Bake

Gingerbread House Icing

by:
October  7, 2021
5 Ratings
Author Notes

This is your BFF when building a gingerbread house. It dries like a rock and makes the daintiest little icicles. —molly yeh

Test Kitchen Notes

The sole expectation of gingerbread house icing is that it be edible glue, and Molly Yeh’s version here rises to the occasion. Take a cue from Erin McDowell’s gingerbread house guide, and make alternate cookies to eat while you build.

While most royal icing recipes call for the addition of egg whites, fewer call for stiffly-beaten egg whites, and fewer still call upon the stabilizing powers of cream of tartar. When egg whites are beaten, air bubbles get introduced into the liquid. The proteins in egg whites are forced to denature and rebuild as a webby network between the introduced air bubbles. Cream of tartar works by stopping these protein networks from growing too strong and close together. This is why cream of tartar often appears in recipes where stiffly-beaten egg whites are too—it allows whipped egg whites to become their most voluminous and elastic selves (as opposed to clumpy and dry).

Maybe you’re wondering: What’s egg white volume and structure got to do with gingerbread house icing? A puffy icing that’s structurally sound, like Molly’s version, swells into gingerbread nooks and crannies with ease, and can build upon itself to create structural, decorative elements ("daintiest little icicles," indeed). Because of the cream of tartar, the icing remains supple as it dries, so it won't crack.

If you’d like to add flavoring or extract, add it after the egg whites have whipped, with the machine running on low (mix until it just disappears).

As Erin mentions in her guide on how to build a stunning and stable gingerbread house: Grab a friend to build with you. Having a second set of hands to stabilize walls when you attach the roof (or need a cookie break) makes the whole process even more enjoyable. —Coral Lee

Watch This Recipe
Gingerbread House Icing
  • Prep time 5 minutes
  • Makes Enough for 1 house and a ton of decorations (or a few houses and a few decorations)
Ingredients
  • 3 large egg whites
  • 1/2 teaspoon cream of tartar
  • 4 cups powdered sugar
In This Recipe
Directions
  1. In a large bowl or the bowl of a stand mixer fitted with the whisk attachment, beat the egg whites and cream of tartar until foamy. Gradually beat in the powdered sugar. Continue to beat on medium-high speed for 7 to 10 minutes, until very fluffy.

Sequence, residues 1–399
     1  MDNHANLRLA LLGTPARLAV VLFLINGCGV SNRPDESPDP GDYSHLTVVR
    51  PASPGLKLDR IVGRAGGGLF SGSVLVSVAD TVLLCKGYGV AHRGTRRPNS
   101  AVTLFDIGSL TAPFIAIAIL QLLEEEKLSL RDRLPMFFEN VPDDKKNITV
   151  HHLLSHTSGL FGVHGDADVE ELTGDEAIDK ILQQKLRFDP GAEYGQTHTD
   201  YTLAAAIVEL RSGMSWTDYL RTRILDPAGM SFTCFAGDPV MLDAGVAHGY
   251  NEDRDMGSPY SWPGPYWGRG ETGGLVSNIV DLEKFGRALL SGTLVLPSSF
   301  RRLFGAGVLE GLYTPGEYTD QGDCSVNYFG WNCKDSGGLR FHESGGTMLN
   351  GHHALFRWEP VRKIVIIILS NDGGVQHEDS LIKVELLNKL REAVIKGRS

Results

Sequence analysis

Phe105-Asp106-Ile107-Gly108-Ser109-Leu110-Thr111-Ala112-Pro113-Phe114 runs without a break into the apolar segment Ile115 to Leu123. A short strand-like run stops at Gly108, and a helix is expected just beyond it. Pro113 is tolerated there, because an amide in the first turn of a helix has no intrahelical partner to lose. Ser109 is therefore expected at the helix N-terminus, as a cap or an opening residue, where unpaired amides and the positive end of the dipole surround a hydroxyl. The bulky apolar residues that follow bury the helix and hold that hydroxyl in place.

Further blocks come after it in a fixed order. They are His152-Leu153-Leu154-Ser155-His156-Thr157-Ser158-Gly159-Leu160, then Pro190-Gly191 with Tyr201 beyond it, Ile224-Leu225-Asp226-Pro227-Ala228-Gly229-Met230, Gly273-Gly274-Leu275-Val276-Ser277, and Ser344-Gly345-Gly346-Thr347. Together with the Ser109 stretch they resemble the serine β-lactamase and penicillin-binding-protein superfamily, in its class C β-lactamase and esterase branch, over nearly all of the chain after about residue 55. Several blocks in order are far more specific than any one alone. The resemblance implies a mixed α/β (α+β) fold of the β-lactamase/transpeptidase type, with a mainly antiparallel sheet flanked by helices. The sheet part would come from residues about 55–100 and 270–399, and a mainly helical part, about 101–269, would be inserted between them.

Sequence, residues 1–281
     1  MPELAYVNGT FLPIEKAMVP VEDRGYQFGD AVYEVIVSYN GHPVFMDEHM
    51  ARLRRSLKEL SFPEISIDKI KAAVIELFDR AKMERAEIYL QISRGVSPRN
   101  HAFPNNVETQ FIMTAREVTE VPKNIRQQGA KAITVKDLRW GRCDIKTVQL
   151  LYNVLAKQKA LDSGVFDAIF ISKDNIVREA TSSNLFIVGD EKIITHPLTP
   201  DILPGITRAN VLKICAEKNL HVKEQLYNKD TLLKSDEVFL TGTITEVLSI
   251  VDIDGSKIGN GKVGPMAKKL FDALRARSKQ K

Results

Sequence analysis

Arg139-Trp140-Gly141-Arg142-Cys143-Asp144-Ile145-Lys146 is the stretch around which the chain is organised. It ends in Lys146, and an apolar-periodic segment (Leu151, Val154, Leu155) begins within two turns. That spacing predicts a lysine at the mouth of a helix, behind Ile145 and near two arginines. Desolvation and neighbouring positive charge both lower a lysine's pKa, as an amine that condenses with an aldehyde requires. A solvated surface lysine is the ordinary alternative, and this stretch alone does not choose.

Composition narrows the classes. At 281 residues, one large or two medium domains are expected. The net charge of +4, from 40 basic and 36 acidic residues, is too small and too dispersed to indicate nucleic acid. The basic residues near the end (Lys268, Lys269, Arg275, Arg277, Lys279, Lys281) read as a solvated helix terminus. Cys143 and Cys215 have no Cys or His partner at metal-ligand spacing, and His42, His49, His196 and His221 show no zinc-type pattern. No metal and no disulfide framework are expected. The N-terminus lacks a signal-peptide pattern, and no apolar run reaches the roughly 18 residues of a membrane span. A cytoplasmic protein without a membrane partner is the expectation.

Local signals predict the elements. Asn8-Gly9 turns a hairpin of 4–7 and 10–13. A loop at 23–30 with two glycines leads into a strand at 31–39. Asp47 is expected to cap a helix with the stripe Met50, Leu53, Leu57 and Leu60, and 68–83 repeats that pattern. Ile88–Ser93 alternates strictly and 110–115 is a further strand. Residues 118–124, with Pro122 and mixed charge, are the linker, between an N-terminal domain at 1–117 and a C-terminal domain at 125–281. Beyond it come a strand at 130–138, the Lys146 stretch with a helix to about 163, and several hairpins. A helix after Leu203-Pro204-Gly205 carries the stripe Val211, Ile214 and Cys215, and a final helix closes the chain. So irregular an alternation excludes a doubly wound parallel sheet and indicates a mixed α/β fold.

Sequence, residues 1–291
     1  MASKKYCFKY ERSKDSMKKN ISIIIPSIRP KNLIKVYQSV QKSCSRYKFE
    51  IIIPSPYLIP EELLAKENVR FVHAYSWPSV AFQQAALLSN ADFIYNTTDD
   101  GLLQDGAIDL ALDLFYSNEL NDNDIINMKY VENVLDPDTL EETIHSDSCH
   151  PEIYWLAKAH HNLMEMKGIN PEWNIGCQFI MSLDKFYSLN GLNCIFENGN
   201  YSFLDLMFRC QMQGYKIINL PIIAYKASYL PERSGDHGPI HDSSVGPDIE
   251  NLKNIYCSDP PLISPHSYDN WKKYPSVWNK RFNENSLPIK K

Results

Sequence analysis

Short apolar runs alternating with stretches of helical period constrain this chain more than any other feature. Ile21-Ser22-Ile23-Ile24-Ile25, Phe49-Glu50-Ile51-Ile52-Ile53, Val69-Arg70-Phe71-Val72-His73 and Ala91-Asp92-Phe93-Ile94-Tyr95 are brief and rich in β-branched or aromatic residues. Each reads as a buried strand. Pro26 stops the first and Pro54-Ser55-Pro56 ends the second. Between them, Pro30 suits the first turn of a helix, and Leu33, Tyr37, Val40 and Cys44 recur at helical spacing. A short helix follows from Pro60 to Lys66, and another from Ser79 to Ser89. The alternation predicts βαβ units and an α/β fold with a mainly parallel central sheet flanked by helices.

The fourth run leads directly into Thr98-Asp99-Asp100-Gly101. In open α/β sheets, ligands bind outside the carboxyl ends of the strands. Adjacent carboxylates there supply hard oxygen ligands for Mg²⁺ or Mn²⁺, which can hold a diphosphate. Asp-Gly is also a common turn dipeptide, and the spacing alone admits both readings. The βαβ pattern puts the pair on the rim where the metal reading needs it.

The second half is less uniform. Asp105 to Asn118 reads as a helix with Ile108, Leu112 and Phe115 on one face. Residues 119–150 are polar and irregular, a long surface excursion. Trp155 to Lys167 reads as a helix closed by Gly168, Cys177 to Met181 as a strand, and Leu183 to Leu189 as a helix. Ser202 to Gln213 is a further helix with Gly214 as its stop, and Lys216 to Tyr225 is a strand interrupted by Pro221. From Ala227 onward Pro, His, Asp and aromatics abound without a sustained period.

2. Immediately spoon into a piping bag and use. Any frosting that's not being used should remain under plastic wrap (the plastic wrap should touch the surface of the frosting), so that it doesn't dry out.

See what other Food52ers are saying.

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molly yeh recently moved from brooklyn to a farm outside of grand forks, north dakota, where her husband is a fifth generation farmer. she writes the blog my name is yeh.

7 Reviews

Joanna R. December 8, 2020
Can I use pasteurized, liquid egg whites?
 
Kieonna L. December 6, 2020
Didn’t want to set up for us at all... I don’t know how to help it along 😂 but we’re eating it anyways 🤷🏼‍♀️
 
Sarah M. December 14, 2019
The best gingerbread frosting (glue) I have ever used! Gets tacky quick and crusts quickly!
 
Jayma V. December 21, 2018
We used this tonight for our graham cracker houses, and it was perfect!!! Thank you!!!
 
Elizabeth I. December 21, 2017
We add a few drops of peppermint extract so it tastes (and smells) nicer.
 
trampledbygeese December 24, 2014
Wanted to let you know that I kid-tested the gingerbread house glue tonight. They say it's the best icing ever!

Happy Holidays.
 
Layla December 19, 2018
Great GLUE recipe.. THE BEST I have found in the 10 years of making gingerbread houses. Recently made 6 houses for nursing center. No worries..the houses stood up to the test of many . Looking for a great gingerbread house dough recipe? ..try the Necco gingerbread house recipe. Using for 10 years..easy and
foolproof. DO NOT USE THE NECCO GLUE RECIPE>>DOESNT HOLD UP AS WELL AS THE ONE ON thIS Site.